The Hold - Baseball's Unheralded Stat
It is very difficult to rely on one pitcher on your roster as the Holds specialist. Unlike the closer there is no such thing as the holder. Specialist relievers that get one batter out or an eighth inning setup man expected to be the final part of the bridge to a win are all capable of earning a hold. Some of the following pitchers were expected to be important members of the bullpen and some were a pleasant surprise to their team and after you read this, your fantasy team too.
Kevin Siegrist, St. Louis Cardinals
6 holds, 3.24 ERA, 8.1 IP, 5 H, 2 BB, 9 K
While Randy Choate is more of a specialist that comes in to get that one left-handed bat that the Cardinals don’t want to beat them, lefty Kevin Siegrist is called on for a full inning of work and he can get lefties and righties out. Ironically, Siegrist’s statistics this year show he is better against right-handed bats (.059 vs RHB, .308 vs. LHB). Siegrist will see regular playing time out of the Cardinals bullpen as seven of his 11 appearances have come in the eighth inning and eight of the 11 appearances have come in close games or with a game in a tie situation. Manager Mike Matheny clearly counts on him to get important outs in high leverage situations.
Cody Allen, Cleveland Indians
5 holds, 0.00 ERA, 8.2 IP, 8 H, 4 BB, 13 K
Despite being a right-handed pitcher, Cody Allen has seen success against left-handed bats more than right-handed bats. This could also be the reason he has pitched just 8.2 innings in 11 games. There’s good reason to believe that if closer John Axford struggles, Allen would be one of the first relievers considered for the closer role. His five holds have come in his last seven games and he has a great K/9 of 13.5.
Danny Duffy, Kansas City Royals
1 hold, 0.00 ERA, 8.1 IP, 5 H, 2 BB, 11 K
After losing the competition for a role in the Royals starting rotation, Danny Duffy may have found his niche in the bullpen. Using a fastball in the mid 90's, a curveball in the high 70's and a changeup in the mid 80's, Danny Duffy has mixed up his pitches well and is a force to be reckoned with in a strong Royals bullpen. Since he is a former starting pitcher it makes sense for the Royals to use Duffy in long relief situations. He has pitched in at least two innings in all four of his appearances this season. He’s capable of getting lefties and righties out, as he continues to do well, expect him to get holds and be a prominent piece of the Royals success.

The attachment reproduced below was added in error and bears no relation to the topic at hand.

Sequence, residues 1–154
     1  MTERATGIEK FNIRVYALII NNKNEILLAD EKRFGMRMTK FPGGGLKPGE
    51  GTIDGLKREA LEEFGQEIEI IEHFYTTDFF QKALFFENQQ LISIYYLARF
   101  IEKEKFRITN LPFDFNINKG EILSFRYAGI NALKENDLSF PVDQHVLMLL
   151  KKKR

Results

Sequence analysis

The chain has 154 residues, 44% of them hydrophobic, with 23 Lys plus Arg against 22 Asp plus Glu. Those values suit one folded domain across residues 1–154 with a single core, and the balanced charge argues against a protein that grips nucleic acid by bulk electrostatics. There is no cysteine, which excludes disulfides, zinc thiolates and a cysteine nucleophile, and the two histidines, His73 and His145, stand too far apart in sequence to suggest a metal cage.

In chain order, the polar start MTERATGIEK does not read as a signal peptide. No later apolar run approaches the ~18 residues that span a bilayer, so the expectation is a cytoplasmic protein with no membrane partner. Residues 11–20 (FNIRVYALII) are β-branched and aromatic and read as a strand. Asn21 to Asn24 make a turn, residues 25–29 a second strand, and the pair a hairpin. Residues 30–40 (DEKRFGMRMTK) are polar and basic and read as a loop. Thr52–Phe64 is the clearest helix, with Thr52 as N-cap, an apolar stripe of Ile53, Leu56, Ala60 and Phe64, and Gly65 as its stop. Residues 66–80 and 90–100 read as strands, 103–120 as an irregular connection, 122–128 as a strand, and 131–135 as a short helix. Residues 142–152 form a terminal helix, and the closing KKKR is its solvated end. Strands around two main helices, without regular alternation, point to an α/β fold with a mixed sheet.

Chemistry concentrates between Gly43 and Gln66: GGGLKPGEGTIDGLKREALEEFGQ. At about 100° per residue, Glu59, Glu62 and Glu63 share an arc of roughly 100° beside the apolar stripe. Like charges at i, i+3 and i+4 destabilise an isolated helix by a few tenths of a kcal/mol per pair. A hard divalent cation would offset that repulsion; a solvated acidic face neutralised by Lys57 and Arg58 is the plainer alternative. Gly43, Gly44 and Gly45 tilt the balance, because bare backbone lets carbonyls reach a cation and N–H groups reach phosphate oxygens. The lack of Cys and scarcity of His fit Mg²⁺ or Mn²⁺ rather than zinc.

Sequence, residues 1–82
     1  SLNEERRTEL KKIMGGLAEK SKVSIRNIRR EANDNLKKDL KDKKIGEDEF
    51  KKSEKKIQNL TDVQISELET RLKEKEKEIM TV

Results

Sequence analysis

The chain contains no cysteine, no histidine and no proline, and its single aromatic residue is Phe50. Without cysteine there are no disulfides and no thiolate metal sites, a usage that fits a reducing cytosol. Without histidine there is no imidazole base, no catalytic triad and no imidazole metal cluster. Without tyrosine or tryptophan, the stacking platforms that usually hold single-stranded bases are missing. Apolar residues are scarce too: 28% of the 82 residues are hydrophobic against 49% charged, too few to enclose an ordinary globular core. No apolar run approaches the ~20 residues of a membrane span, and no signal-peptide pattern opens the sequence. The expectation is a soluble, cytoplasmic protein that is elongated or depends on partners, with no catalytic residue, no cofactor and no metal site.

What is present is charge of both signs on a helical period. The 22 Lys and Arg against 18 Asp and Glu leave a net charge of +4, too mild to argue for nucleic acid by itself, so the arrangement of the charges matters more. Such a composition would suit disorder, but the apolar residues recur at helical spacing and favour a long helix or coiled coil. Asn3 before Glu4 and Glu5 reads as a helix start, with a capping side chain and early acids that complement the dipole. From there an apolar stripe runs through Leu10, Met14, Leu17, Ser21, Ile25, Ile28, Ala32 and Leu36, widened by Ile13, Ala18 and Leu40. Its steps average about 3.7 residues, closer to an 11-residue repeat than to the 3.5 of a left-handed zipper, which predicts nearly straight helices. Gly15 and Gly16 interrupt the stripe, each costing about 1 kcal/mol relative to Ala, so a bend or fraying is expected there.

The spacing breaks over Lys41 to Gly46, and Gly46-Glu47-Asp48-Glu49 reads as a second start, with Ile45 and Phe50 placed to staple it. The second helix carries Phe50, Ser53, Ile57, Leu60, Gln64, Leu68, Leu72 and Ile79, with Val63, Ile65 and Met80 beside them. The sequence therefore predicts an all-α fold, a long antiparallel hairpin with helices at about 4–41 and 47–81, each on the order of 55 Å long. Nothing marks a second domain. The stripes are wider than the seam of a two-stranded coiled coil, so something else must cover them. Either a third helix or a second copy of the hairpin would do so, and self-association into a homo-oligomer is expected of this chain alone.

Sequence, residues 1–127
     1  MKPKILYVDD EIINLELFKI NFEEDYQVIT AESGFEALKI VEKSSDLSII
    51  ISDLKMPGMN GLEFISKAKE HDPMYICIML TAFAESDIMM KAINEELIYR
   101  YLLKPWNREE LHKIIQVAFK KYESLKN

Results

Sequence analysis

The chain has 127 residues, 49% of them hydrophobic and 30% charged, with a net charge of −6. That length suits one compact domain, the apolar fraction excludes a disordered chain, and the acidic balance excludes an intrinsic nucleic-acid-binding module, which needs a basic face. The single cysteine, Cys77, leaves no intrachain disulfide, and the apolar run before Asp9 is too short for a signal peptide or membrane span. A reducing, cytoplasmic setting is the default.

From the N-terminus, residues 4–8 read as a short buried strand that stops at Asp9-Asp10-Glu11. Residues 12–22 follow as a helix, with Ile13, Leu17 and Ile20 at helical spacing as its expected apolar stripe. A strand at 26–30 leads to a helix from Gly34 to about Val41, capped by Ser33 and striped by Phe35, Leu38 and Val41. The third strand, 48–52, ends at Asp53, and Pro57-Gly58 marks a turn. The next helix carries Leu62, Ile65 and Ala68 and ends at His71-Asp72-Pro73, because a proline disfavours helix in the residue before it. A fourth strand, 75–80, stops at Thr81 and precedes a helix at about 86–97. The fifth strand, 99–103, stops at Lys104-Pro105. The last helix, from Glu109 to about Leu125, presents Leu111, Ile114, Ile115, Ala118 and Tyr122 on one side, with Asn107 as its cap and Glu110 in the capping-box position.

Tyler Thornburg, Milwaukee Brewers
3 holds, 0.75 ERA, 12 IP, 6 H, 2 BB, 12 K
When your team has the best record in the league, you know the big bats will drive in the runs and you know the big pitchers will notch the wins and saves. But don’t forget the middle men that preserve your win by getting you to your closer. Tyler Thornburg is a reliever that could slip under the radar. He appears to be moving up the pecking order in the Brewers bullpen, getting holds in three of his last four appearances. He allowed one run in his first appearance of the season but has been on an 11-inning scoreless streak over his last 10 appearances. If the Brewers can maintain their winning ways, Thornburg could find himself getting many holds.
Dellin Betances, New York Yankees
2 holds, 0.93 ERA, 9.2 IP, 3 H, 6 BB, 16 K
The big man of the Yankees bullpen is Dellin Betances. A 6’8” right-hander with a fastball that reaches the upper 90s and a spike curve, Betances earned his spot in the Yankees bullpen straight out of spring training. So far this season, he has not seen many high leverage situations, usually entering games leading or trailing by multiple runs. The key to his success is his mechanics. Having such a large frame, it is difficult to consistently have his mechanics in order, evident by his 5.6 BB/9, but his 14.9 K/9 is reason enough to put up with the high walk rate. In the early part of this season, Betances has seen success, striking out multiple batters in six of his eight appearances but he has also struggled at times, walking multiple batters in two of his eight appearances. If the 26-year-old Betances can keep his mechanics in order, expect him to be a huge presence in the backend of the Yankees bullpen.